The two public hearings on the proposed sale of the Colorado Health Foundation's 40% interest in the HealthOne joint venture to majority partner HCA, completed earlier today, included new demands for Colorado Attorney General John Suthers to require more guarantees regarding low-income patients and keeping HealthOne's hospitals open.
More guarantees sought on HealthOne sale
In a letter to Suthers' office (PDF) and in comments made at the hearings last night and today, the Colorado Center on Law and Policy said it supported the foundation's desire to cash out its stake in HealthOne in order to concentrate on making healthcare-related grants. The center does not have an opinion on whether the $1.45 billion the foundation would receive under the deal is a fair price.
The center also urged Suthers to impose five conditions on the deal, four on HCA and one on the foundation. On HCA, the center urged the following conditions: eliminating a noncompete clause that would restrict the foundation; adjusting the dollar value of HCA's commitments on charity care, community benefits and other matters by medical inflation; guaranteeing that none of HealthOne's seven hospitals would be closed for at least 10 years; and giving the foundation six seats on an eight-member oversight board, rather than the proposed 4-4 split. The center also urged Suthers to require the foundation to report for at least three years on its investment advisers to ensure that there are no conflicts of interest. The center disclosed that it has received grants from the foundation.
Dede de Percin, executive director of the Colorado Consumer Health Initiative, said in an e-mail that her organization does not oppose the sale. The CCHI supports the law center's suggested conditions, noting that the lawyer who drew them up served until recently on the organization's board, de Percin wrote. The CCHI also would like to see the commitments to Medicaid and uninsured patients more clearly spelled out, de Percin added. The CCHI has received nearly $1.4 million in operating and other grants from the foundation since 2006, according to de Percin.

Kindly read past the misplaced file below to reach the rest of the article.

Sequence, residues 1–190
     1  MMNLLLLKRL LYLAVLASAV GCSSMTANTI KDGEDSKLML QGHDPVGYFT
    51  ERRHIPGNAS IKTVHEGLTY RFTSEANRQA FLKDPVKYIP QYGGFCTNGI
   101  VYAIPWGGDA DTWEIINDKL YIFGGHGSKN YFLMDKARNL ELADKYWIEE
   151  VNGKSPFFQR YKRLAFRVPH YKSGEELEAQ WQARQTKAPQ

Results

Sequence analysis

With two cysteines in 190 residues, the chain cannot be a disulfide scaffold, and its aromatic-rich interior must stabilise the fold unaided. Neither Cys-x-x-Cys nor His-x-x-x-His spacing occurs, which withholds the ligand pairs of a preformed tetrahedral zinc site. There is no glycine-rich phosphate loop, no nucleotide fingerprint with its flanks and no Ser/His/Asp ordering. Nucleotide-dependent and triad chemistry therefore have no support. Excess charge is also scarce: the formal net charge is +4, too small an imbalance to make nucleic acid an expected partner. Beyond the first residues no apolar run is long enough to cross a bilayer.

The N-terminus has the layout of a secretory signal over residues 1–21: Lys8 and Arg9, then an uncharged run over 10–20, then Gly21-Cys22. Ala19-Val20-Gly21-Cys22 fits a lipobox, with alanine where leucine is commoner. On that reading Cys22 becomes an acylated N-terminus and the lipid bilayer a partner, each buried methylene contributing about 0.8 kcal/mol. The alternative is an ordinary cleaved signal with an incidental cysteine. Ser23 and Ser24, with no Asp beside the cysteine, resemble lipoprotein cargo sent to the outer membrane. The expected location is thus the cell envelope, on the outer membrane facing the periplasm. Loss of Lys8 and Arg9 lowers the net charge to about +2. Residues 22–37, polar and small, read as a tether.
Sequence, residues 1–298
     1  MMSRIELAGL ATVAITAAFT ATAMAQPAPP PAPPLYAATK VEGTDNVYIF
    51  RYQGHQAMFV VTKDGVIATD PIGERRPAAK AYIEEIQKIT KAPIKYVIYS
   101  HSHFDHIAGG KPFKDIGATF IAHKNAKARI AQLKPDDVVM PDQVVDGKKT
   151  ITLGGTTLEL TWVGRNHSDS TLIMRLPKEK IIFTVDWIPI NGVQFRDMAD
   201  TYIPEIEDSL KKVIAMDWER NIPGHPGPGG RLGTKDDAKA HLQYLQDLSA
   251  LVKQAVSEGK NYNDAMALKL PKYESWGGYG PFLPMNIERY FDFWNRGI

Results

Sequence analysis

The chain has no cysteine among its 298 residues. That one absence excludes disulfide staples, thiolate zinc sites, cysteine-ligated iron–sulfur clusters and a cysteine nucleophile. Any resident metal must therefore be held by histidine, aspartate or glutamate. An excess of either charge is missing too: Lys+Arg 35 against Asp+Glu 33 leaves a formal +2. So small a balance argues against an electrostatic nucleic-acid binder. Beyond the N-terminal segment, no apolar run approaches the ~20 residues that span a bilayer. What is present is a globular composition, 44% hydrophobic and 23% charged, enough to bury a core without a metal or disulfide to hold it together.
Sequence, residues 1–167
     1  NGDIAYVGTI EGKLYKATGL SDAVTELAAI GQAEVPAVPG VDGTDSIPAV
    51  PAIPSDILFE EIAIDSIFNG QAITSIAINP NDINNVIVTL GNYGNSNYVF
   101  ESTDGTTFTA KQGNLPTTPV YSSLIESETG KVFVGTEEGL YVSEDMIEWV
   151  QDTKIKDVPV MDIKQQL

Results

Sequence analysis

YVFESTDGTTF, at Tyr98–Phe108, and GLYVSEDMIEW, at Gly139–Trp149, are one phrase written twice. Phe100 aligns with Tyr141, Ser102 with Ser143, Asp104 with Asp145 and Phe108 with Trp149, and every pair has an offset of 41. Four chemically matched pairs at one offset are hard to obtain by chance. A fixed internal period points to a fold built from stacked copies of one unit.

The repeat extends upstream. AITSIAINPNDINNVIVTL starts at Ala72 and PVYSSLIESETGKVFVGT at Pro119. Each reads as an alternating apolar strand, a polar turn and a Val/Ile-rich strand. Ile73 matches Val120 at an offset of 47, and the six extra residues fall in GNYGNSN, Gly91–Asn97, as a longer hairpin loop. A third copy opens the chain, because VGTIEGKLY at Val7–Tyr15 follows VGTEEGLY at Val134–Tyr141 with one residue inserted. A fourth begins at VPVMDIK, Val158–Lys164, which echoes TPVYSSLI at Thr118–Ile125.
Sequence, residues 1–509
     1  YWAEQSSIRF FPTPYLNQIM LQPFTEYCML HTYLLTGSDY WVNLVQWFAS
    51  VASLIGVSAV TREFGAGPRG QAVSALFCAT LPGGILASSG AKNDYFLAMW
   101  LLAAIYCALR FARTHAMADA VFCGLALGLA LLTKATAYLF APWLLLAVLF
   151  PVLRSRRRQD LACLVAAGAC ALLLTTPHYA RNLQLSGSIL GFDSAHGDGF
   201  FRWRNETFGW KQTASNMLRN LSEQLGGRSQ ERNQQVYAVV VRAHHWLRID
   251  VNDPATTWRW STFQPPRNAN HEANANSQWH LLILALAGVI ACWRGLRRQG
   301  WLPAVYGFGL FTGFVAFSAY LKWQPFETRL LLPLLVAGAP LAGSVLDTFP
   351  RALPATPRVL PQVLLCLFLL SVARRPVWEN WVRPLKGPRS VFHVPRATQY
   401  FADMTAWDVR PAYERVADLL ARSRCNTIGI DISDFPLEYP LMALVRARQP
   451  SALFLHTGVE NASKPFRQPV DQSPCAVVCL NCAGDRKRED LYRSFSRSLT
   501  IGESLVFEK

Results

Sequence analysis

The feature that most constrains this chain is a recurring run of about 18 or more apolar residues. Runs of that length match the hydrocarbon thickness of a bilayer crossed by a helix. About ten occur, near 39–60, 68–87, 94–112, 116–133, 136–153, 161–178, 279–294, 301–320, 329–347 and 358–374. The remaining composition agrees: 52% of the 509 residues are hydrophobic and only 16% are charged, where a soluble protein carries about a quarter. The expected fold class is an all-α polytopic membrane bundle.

Other critics of the sale suggested in a 14-page position paper unveiled last night that losing the control that the foundation shares with Nashville-based HCA over the hospitals is not in the public interest and the price is not fair market value.
The foundation has argued that the sale would diversify its portfolio, allowing it to focus on making healthcare-related grants instead of helping to run a healthcare system with seven hospitals and 13 ambulatory surgery centers. The letter suggests that the joint venture could borrow money and make payments to its owners that would allow the foundation to cash out part of its investment and thereby diversify, yet still retain its oversight role.
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